2018 is on track to be another strong year of the growth for the global cryptocurrency marketplace with more newcomers and Wall Street anxious to join the “Digital Gold” party. Cryptocurrency market capitalization is on pace to surpass $1 trillion in the months ahead as new entities enter this forum despite impending regulation threatening to dampen the mood. Although there are certain risk factors associated with cryptocurrencies that regulation is sure to curb, one of the risks that will become among the most prominent in 2018 will be the threats associated with malware and other cybersecurity-related exposure. Although these threats are nothing new, the more people that are vulnerable to this type of attack only means more targets for cybercriminals.
One of the newest identified threats goes by the name of “Digmine,” which has surfaced and is quickly propagating via Google Chrome’s version of Facebook Messenger affecting crypto and non-crypto enthusiasts alike by deploying botnets that mine for Monero (XMR). According to TrendLabs Security Intelligence Blog, “if the user’s Facebook account is set to log in automatically, Digmine will manipulate Facebook Messenger in order to send a link to the file to the account’s friends. The abuse of Facebook is limited to propagation for now, but it wouldn’t be implausible for attackers to hijack the Facebook account itself down the line. This functionality’s code is pushed from the command-and-control (C&C) server, which means it can be updated. A known modus operandi of cryptocurrency-mining botnets, and particularly for Digmine (which mines XMR), is to stay in the victim’s system for as long as possible. It also wants to infect as many machines as possible, as this translates to an increased hashrate and potentially more cybercriminal income.”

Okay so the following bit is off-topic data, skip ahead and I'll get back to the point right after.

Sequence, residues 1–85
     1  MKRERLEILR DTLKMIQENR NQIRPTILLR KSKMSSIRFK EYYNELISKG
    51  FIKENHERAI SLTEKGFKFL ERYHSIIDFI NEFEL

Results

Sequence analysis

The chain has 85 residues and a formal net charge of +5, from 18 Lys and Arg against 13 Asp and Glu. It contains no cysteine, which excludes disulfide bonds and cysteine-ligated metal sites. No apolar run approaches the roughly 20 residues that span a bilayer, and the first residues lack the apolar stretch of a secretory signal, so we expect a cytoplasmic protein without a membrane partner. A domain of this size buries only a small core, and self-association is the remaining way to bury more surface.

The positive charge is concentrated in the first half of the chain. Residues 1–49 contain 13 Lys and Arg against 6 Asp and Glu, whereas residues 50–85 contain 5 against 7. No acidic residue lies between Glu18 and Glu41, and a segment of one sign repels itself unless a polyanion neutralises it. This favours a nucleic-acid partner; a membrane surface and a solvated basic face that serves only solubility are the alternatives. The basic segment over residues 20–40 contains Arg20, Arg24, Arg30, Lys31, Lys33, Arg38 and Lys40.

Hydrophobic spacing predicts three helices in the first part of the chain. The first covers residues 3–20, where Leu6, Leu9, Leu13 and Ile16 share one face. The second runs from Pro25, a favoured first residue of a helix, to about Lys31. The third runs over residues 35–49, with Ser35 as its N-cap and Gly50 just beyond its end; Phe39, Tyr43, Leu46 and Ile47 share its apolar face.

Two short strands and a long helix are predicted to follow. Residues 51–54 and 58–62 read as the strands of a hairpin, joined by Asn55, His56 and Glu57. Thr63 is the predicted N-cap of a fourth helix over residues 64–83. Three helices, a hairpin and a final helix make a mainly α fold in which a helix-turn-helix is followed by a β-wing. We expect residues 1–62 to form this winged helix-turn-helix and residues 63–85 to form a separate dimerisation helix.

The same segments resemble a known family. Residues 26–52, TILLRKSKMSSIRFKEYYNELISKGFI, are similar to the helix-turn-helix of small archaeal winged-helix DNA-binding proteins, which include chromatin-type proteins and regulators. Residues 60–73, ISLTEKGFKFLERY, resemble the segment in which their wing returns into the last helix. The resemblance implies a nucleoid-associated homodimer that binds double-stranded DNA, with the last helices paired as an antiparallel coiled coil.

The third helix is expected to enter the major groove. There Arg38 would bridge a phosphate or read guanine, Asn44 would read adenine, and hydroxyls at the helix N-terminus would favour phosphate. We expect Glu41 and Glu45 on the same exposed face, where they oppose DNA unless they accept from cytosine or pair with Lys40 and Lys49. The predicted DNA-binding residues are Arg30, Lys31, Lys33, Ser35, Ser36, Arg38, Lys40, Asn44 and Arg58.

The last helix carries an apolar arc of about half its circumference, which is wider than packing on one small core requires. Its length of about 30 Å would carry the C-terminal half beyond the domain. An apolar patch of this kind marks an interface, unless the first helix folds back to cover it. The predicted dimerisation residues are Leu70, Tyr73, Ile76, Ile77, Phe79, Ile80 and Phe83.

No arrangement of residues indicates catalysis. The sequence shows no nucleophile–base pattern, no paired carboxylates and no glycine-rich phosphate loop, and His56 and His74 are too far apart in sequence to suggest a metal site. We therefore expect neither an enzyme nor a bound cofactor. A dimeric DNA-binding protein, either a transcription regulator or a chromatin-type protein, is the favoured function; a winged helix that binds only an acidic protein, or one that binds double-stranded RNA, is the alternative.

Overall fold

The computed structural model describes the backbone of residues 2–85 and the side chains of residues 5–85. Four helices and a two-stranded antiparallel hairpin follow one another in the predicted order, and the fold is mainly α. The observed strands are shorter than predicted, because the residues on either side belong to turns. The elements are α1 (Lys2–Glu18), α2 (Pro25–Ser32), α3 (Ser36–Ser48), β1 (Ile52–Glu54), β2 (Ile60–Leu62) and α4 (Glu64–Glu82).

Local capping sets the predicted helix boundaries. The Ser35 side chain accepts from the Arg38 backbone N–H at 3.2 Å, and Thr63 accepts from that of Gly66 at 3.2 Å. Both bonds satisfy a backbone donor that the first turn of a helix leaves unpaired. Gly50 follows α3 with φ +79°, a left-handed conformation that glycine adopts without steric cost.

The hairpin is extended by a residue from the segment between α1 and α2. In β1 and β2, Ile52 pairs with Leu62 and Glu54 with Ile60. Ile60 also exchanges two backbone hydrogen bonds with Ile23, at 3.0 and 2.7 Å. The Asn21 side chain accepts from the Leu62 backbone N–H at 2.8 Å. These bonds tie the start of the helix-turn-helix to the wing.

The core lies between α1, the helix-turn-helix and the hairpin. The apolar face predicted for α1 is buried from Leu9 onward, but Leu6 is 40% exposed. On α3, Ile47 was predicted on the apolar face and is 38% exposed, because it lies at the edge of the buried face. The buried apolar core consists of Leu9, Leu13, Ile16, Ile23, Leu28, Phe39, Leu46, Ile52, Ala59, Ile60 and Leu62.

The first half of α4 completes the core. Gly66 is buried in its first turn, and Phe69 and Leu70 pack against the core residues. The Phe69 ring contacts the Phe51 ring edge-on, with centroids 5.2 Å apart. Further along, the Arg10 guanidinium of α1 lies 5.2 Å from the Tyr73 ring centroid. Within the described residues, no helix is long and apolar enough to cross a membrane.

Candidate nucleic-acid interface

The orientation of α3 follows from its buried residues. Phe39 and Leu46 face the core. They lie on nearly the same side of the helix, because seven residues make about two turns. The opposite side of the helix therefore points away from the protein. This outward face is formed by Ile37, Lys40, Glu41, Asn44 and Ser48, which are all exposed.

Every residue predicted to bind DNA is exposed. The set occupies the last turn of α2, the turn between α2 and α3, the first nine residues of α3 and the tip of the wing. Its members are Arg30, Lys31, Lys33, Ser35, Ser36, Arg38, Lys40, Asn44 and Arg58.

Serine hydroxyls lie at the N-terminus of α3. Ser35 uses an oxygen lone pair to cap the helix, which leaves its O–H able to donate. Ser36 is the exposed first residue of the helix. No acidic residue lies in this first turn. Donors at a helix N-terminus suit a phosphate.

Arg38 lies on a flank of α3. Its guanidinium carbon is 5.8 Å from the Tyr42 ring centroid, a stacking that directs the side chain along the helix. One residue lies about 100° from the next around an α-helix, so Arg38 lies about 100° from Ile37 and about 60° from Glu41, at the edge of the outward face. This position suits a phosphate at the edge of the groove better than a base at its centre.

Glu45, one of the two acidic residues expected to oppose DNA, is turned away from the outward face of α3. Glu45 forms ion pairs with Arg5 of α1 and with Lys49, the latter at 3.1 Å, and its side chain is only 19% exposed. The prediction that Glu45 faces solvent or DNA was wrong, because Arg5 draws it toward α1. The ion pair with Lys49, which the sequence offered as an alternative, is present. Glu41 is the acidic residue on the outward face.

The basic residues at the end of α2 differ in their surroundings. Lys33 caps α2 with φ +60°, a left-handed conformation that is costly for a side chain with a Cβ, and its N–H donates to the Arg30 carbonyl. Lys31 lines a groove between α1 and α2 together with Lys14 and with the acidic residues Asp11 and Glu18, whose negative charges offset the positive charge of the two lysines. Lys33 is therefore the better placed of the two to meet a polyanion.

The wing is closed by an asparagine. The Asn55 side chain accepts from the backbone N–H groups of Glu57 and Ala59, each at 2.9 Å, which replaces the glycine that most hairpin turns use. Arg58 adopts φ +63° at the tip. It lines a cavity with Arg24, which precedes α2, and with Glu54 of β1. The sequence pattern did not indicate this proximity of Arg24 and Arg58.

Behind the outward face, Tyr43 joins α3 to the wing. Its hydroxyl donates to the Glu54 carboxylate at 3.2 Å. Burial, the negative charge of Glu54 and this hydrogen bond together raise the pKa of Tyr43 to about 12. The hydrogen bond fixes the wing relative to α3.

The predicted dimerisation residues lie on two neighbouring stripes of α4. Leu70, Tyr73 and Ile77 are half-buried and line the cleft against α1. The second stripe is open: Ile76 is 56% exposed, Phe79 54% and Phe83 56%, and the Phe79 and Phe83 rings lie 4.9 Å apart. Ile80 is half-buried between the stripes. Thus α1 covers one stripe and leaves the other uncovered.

Earlier this year Kapersky Lab published their findings that over 1.65 million computers were targeted for attack by mining malware between the months of January and August of 2017. There were over 1.8 million computers affected by this type of malware in 2016 and an excess of 700,000 mining botnet attacks in 2014. Along with malware, people should always be on the lookout for phishing, social engineering, and all-out fraud when dealing with cryptocurrencies. If you are going to play the crypto-markets, be sure to play it safe. Utilize 2-factor authentication and other best practices to secure your digital assets. When it comes to social media, Trend Micros’ Guide to securing your social media accounts provides a solid framework for individuals and enterprises seeking to remain protected. While you are at it, don’t forget to review the established and emerging fraud trends in Bitcoin and other cryptocurrencies to know how to spot fraud when it is coming your way.